So often I see the spirals being ridden badly; the head and neck over bending as the horse spirals in, with too much inside rein, and them falling rapidly through the outside shoulder in a race to get back out to the bigger circle. Which doesn’t help engage the inside hind leg, or promote the rider using their outside aids correctly or effectively.

Next time you ride this exercise, try changing your approach to it, and critique yourself to make sure you aren’t letting either yourself or your horse cheat by drifting in and out on the circle. How many times do you pass B as you move in or out? Can you increase that number? Slowing down the movement requires more balance and more obedience from your horse.

Cones and Circles

Mum asked for my expertise over the weekend as she’d been struggling with an exercise she’d been given last week.

I quite like the exercise though, so thought I’d share it with you.

Place three cones along the centre line, one at X and the other two ten metres either side.

From the right rein, turn down the centre line in trot and ride a ten metre circle around the first cone. You want to aim to stay equidistant from the cone the whole way round the circle. Continue round the circle until you’ve ridden a complete circle and the next time you cross the centre line change the rein and circle around the second cone in the opposite direction. One and a half circles later, move on to riding a circle in the original direction around the third cone. It’s a really good suppling sequence to ride.

Initially, you’re aiming for the three circles to be similar in size, and for it to flow between circles. Hopefully you’ll notice if one rein is harder than the other and you can spend some time improving the circles on that rein before coming back to the exercise.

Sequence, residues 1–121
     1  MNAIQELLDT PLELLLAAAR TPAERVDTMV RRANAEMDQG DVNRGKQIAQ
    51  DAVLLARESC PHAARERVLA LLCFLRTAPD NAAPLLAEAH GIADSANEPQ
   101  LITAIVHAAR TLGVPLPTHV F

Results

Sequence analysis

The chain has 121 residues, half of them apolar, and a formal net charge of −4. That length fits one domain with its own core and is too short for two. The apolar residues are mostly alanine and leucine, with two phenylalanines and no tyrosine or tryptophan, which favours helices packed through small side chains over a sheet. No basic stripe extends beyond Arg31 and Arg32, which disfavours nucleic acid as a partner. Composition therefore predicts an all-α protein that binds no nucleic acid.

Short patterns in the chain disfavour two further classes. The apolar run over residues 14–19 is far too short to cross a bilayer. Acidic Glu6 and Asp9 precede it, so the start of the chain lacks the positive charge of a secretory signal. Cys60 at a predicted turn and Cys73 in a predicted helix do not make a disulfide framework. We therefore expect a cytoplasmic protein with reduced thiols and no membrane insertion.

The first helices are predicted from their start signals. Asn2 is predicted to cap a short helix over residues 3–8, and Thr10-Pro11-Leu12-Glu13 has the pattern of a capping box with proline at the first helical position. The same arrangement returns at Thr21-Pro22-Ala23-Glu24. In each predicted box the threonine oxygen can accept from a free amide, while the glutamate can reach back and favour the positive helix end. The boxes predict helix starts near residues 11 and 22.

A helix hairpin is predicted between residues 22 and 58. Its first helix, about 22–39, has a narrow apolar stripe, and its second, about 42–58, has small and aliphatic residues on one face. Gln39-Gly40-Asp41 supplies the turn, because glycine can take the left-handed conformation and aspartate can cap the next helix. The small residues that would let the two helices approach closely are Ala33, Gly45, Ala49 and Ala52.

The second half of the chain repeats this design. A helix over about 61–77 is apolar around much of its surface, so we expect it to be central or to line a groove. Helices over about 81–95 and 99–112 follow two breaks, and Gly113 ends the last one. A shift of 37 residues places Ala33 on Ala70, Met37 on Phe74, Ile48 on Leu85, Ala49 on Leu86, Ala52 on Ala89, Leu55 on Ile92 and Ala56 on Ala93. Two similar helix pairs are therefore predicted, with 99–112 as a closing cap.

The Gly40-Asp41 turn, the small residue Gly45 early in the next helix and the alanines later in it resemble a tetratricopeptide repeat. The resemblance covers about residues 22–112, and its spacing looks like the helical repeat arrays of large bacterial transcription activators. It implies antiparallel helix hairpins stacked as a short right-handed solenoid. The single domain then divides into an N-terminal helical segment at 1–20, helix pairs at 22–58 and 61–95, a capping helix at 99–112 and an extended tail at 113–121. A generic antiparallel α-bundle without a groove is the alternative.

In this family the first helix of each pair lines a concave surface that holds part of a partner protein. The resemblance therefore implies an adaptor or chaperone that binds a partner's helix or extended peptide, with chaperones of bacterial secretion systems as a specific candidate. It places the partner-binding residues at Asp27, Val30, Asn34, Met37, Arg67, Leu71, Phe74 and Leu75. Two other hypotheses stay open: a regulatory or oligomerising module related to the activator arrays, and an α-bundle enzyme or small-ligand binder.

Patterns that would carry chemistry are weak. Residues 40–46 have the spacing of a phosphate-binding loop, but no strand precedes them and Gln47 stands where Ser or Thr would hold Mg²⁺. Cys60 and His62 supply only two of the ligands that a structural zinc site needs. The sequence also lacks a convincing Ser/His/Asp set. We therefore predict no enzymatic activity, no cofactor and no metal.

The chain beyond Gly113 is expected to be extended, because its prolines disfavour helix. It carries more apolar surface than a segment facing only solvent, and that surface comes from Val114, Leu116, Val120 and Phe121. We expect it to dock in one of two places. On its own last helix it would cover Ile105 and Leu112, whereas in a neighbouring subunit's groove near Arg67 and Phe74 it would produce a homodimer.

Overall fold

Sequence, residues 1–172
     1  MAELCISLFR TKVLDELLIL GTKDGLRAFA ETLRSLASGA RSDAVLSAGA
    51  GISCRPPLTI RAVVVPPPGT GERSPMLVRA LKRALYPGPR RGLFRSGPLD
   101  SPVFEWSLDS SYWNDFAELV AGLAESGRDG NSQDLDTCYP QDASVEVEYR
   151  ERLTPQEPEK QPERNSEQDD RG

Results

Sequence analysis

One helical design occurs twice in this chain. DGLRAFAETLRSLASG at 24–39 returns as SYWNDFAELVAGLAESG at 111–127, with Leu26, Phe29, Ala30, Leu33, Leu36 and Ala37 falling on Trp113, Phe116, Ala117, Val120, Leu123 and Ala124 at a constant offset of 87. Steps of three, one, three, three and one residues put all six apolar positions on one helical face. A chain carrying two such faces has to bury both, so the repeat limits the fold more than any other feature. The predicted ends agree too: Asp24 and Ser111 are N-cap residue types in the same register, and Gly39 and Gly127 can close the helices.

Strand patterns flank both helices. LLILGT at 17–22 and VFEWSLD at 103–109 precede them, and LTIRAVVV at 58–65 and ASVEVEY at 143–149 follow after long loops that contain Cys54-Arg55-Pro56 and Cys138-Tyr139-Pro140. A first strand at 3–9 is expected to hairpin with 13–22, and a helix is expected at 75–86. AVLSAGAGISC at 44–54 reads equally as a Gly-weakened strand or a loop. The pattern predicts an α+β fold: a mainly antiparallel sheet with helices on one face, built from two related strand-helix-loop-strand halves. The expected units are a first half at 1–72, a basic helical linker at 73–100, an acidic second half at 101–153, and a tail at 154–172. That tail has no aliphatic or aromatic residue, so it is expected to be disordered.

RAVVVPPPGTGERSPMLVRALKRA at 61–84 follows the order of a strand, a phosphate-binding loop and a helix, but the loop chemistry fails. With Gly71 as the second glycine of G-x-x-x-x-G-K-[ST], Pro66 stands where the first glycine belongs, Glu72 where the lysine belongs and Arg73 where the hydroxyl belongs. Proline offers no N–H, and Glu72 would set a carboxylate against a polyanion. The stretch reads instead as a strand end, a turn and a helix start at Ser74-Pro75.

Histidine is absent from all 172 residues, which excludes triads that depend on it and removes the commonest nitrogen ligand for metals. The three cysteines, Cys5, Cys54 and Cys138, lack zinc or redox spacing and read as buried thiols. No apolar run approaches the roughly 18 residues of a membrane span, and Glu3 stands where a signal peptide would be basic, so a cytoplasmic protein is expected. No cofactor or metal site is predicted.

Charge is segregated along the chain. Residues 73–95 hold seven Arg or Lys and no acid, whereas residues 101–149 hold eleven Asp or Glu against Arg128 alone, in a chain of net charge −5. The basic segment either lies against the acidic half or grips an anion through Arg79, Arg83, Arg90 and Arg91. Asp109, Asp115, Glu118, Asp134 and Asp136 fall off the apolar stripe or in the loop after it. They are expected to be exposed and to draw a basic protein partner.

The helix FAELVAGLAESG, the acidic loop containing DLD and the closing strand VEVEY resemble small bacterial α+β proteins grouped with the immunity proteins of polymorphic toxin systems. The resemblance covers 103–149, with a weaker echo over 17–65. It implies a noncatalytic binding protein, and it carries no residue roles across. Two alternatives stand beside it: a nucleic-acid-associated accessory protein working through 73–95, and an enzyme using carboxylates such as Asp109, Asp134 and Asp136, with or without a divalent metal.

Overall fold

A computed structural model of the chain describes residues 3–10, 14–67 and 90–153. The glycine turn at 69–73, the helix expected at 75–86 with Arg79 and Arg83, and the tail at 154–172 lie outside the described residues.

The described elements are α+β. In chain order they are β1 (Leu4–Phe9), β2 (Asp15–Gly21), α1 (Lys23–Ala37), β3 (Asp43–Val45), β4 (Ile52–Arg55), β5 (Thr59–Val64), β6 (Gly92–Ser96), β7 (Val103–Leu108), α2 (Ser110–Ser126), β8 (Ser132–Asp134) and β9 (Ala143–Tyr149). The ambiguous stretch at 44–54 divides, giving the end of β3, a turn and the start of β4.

You’ll remember a few weeks ago I blogged about how to ride a change of bend? If you feel that the circle sequence is going wrong at the change of rein, break down the change of bend and ensure you are switching from position left to position right (or vice versa) to allow your horse to change their bend and are supporting them as they do.

Now that the circles are hopefully feeling similar in shape and fairly round, we can step it up a notch. Try counting the number of strides you get on each half circle in the exercise. You want to get the same number. This means that your circles are round and not egg-shaped, and that your right and left circles are the same size. You’ll also discover if the change of rein between the circles affects the size and shape of your circles.

It sounds like a simple exercise, but the fact you’re working away from the fence means you as a rider, need to support your horse more as they will more often than not drift towards the fence. Which should mean that you notice any weakness in your aids. It also serves to improve your horse’s symmetry and suppleness hugely.

Getting Ready For Camp

I’ve spent the last week prepping for Pony Club camp: organising childcare, informing all clients and making sure their next lesson is booked in (it’s the one time of the year that my diary is organised for a whole fortnight!), choosing my musical ride music, and planning my lessons. But I’ve also been helping some clients prepare for their own Pony Club camp.